NHS grad garners Naval Academy appointmentThe Northwestern High School class of 2013 graduates tonight, moving to the next stage in their lives. One senior’s path will take him to the U.S. Naval Academy in Annapolis, Md.
By: Maria Lockwood, Superior Telegram
The Northwestern High School class of 2013 graduates tonight, moving to the next stage in their lives. One senior’s path will take him to the U.S. Naval Academy in Annapolis, Md.
An appointment to the academy is no easy feat. Fewer than 10 percent of the nearly 20,000 students who apply each year are appointed, according to statistics on the school’s website. But Nathan Markon, say those who know him, is no average teen.
“Nathan Markon is one of the most responsible kids I’ve ever met,” said Philip McGrath, coach of the Northwestern High School cross country team.
Coaches and teachers alike peg Markon as a natural leader.
“He was compassionate and encouraging with our very young team,” said wrestling coach Bob Coleman. Nathan modeled many of the team’s marks of excellence — goodness, kindness, perseverance, faithfulness, love, gentleness, peace, self-control and joy.
“I truly value his opinion because he’s intelligent, mature and has good common sense well beyond his years,” McGrath said. “Also, his work effort is first-rate. No one works as hard as he does.”
The senior has a passion to serve.
“Words like ‘honor’ and ‘integrity’ and ‘work ethic’ really mean something to Nathan as evidenced in his character, his school work, his family life and his role in the community,” said Pat Luostari, English teacher and Octagon adviser at the high school. It may sound corny, she said, but “that is who he is and probably explains why he was able to gain an appointment to the academy.”
Since middle school, Nathan has had his eye on this goal. Like most seniors, the Maple teen wants to get out of small-town Wisconsin and see the world.
“I also want to help others,” he said. “It’s a calling I have. There’s service in my family. It’s just what I feel is right for me with all I’ve been given.”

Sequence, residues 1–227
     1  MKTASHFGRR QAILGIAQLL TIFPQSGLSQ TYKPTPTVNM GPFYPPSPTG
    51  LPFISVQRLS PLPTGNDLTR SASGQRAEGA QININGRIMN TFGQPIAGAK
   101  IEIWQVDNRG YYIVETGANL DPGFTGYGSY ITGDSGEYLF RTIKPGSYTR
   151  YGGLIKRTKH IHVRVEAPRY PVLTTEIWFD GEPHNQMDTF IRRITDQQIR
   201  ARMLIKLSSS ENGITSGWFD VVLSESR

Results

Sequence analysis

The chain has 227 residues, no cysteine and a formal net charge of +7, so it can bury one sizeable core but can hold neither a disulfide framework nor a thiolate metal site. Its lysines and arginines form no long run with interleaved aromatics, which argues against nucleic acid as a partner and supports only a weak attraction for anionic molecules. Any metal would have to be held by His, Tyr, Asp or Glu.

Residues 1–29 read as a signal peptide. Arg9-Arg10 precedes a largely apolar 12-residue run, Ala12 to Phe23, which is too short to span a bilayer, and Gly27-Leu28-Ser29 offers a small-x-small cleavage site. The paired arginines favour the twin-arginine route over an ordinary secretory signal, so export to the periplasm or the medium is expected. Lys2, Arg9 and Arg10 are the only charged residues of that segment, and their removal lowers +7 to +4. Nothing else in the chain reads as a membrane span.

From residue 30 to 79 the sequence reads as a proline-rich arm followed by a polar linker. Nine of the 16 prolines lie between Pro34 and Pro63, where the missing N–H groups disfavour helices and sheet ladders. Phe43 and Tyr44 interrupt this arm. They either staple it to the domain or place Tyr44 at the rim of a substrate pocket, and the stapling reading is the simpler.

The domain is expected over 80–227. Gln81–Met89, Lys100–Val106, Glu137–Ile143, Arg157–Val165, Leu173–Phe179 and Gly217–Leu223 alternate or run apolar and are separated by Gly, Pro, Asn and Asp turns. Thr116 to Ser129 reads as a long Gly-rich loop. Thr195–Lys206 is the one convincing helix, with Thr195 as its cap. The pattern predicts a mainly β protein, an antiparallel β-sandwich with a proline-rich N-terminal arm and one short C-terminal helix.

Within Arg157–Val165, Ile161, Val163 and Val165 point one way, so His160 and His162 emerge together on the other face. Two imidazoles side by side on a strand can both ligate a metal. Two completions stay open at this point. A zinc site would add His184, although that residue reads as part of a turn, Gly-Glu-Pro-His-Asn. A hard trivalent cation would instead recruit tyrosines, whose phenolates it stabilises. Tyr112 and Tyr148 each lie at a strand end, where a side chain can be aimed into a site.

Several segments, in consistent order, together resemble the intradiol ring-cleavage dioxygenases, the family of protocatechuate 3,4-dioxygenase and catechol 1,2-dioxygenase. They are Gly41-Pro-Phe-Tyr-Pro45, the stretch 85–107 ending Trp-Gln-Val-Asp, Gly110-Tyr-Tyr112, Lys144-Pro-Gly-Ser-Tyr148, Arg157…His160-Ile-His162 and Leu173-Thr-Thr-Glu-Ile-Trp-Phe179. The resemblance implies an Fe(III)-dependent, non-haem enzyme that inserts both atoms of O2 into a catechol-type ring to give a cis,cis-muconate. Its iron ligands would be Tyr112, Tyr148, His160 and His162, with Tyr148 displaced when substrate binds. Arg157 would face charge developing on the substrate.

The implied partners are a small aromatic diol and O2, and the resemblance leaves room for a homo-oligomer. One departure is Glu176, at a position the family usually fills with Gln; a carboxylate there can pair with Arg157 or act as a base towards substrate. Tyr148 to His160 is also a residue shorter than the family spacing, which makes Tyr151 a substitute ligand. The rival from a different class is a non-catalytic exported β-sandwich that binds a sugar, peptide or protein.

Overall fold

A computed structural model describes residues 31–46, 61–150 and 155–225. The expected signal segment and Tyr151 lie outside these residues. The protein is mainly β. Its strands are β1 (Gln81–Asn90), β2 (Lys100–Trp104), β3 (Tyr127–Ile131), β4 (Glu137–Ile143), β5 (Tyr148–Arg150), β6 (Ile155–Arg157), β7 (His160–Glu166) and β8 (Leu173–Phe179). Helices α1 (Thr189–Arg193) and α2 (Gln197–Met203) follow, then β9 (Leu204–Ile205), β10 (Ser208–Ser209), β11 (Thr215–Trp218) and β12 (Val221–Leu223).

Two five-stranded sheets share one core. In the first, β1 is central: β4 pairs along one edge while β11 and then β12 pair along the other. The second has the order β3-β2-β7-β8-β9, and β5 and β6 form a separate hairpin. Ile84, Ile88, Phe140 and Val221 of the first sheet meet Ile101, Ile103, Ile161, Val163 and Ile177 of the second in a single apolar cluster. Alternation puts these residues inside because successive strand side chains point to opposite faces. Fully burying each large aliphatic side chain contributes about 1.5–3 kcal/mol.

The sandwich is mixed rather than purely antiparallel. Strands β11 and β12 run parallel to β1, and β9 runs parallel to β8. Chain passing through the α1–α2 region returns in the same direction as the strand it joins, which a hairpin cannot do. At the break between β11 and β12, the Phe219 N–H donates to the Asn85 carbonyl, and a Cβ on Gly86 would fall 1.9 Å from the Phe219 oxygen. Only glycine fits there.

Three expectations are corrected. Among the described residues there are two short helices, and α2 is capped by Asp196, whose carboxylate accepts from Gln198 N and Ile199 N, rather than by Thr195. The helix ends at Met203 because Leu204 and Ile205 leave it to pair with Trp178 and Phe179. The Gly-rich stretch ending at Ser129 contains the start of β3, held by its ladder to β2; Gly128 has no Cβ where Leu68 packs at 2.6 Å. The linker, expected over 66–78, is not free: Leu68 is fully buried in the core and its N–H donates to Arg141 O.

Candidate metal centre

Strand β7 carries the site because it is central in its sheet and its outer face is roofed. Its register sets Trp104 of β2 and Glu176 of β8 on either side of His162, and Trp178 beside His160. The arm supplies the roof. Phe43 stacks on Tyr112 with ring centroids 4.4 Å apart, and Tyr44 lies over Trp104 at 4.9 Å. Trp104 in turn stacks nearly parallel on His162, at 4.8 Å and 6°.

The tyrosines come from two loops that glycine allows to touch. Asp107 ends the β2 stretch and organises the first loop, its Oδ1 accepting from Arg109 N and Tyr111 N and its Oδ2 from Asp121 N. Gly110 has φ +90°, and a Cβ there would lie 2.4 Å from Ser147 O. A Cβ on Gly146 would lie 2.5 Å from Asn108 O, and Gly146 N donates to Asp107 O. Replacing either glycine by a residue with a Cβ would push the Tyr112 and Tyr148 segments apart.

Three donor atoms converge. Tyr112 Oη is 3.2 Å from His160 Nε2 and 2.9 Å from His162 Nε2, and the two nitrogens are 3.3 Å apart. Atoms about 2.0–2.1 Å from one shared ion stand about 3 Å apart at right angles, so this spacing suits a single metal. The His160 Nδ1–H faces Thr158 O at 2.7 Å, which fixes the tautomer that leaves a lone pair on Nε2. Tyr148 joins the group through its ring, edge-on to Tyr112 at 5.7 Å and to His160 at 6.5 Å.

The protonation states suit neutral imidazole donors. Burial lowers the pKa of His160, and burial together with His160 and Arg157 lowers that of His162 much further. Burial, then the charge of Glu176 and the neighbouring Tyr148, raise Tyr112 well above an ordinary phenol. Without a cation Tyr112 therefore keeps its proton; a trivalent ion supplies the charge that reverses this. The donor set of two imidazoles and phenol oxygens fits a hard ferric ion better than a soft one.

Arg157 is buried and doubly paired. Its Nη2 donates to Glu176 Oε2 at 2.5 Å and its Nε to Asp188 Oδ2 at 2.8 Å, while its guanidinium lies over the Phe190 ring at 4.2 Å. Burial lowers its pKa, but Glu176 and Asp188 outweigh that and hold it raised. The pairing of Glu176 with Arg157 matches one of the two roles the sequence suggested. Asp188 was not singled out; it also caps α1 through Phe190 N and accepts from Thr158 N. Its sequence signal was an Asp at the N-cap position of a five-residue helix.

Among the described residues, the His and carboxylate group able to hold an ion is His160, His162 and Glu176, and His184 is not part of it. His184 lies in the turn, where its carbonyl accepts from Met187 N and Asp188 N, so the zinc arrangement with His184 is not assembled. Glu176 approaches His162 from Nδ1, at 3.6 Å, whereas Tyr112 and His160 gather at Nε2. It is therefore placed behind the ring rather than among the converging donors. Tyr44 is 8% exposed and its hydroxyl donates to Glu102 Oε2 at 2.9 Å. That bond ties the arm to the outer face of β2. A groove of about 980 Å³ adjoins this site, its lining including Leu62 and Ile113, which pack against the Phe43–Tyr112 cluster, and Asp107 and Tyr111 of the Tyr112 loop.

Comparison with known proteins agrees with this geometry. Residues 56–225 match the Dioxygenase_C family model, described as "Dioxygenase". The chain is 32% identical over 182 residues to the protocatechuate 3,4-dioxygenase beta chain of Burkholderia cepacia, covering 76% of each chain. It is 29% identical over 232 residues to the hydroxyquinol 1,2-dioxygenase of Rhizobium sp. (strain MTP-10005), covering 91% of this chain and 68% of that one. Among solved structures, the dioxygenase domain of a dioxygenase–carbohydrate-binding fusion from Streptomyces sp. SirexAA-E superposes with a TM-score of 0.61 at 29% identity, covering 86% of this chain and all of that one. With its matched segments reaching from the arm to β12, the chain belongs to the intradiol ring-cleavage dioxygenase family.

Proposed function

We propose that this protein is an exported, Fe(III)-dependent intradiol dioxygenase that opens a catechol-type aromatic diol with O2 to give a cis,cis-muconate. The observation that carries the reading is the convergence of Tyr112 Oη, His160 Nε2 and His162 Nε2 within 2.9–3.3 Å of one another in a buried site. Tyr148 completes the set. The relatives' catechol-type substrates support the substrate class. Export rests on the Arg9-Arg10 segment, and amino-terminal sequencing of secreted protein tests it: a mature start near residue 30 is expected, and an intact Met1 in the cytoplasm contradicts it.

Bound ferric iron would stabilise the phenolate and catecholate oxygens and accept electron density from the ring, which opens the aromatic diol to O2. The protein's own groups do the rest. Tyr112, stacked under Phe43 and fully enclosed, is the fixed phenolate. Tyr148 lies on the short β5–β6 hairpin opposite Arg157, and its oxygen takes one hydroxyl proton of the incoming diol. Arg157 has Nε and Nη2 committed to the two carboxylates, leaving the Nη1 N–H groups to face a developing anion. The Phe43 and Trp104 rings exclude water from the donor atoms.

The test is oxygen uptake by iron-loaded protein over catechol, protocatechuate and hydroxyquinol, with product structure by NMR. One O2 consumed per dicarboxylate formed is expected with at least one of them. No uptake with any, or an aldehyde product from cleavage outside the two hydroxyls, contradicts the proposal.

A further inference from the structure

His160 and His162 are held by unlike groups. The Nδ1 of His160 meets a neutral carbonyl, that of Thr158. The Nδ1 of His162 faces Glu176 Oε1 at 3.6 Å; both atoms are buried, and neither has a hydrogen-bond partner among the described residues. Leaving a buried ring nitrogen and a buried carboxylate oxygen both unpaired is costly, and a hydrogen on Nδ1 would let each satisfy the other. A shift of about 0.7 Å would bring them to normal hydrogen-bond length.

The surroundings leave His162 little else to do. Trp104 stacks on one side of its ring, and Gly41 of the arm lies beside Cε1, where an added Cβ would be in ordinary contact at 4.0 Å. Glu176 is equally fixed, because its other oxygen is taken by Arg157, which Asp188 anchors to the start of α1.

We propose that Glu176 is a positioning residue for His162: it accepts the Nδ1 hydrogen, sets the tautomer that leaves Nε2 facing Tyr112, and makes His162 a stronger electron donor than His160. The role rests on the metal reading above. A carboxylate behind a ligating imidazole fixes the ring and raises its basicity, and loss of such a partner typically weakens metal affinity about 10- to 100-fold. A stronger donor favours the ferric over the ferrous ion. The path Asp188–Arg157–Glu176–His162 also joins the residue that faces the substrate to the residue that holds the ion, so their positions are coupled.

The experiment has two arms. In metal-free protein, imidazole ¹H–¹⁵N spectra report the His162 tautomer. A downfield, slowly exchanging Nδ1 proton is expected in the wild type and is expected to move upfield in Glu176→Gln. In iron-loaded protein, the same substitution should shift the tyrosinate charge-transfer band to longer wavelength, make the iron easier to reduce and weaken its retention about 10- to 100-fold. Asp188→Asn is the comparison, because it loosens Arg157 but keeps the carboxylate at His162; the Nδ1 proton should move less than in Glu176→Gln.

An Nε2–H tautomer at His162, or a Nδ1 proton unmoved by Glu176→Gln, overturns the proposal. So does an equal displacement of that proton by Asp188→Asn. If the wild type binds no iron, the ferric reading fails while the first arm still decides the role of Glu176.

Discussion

An aunt, uncle and both of Nathan’s grandfathers were in the enlisted ranks of the U.S. Armed Forces. One uncle is a Duluth firefighter; another is a Superior police officer.
“His choice to serve is something he’s quiet about but something he feels strongly about,” said his father, Superior Deputy Chief Matt Markon.
Nathan’s mentors have included his coaches, teachers and leaders of Boy Scout Pack 212 and Troop 212 of Poplar, where he earned the rank of Eagle Scout and served as a youth leader. He was also inspired by a pair of Northwestern alumni, Zach Yepma and Taylor Truan. Two years ago, Truan earned an appointment to West Point Military Academy in New York.
“He kind of got the whole thing started for me,” Nathan said. “OK, a kid from small town Wisconsin can make it out there.”
Yepma, who graduated three years ago, joined the U.S. Air Force Reserve, then the U.S. Marines. He graduated with the Marine recon class and encouraged Nathan to make a goal and keep it in sight.
To be part of an elite unit like the Navy SEALS is Nathan’s next goal.
“In the end, if I could do something like that it would be amazing,” he said.
Along with four years of schooling, Nathan will serve five years with the Navy post-schooling. He is leaning toward studying aerospace or chemical engineering.
“I really enjoy the sciences,” he said, especially chemistry and physics, and he enjoys working with his hands.
The application process included paperwork, test scores, interviews, medical records, letters of reference and more. Nathan earned a nomination to the U.S. Naval Academy from U.S. Congressman Sean Duffy, R-Weston. Penny Schroeder with the academy was helpful through the entire application and nomination process, Markon said.
“Jennifer (Nathan’s mother) and I are very proud of him,” Matt Markon said. “We’re also a little anxious as most parents would be. Our time with him for the next four years will be very limited.”
Nathan said he’s looking forward to the challenge.
“I’m excited to move on and get this next part of my life started,” he said, although he plans to make the most of the time at school and home before moving on.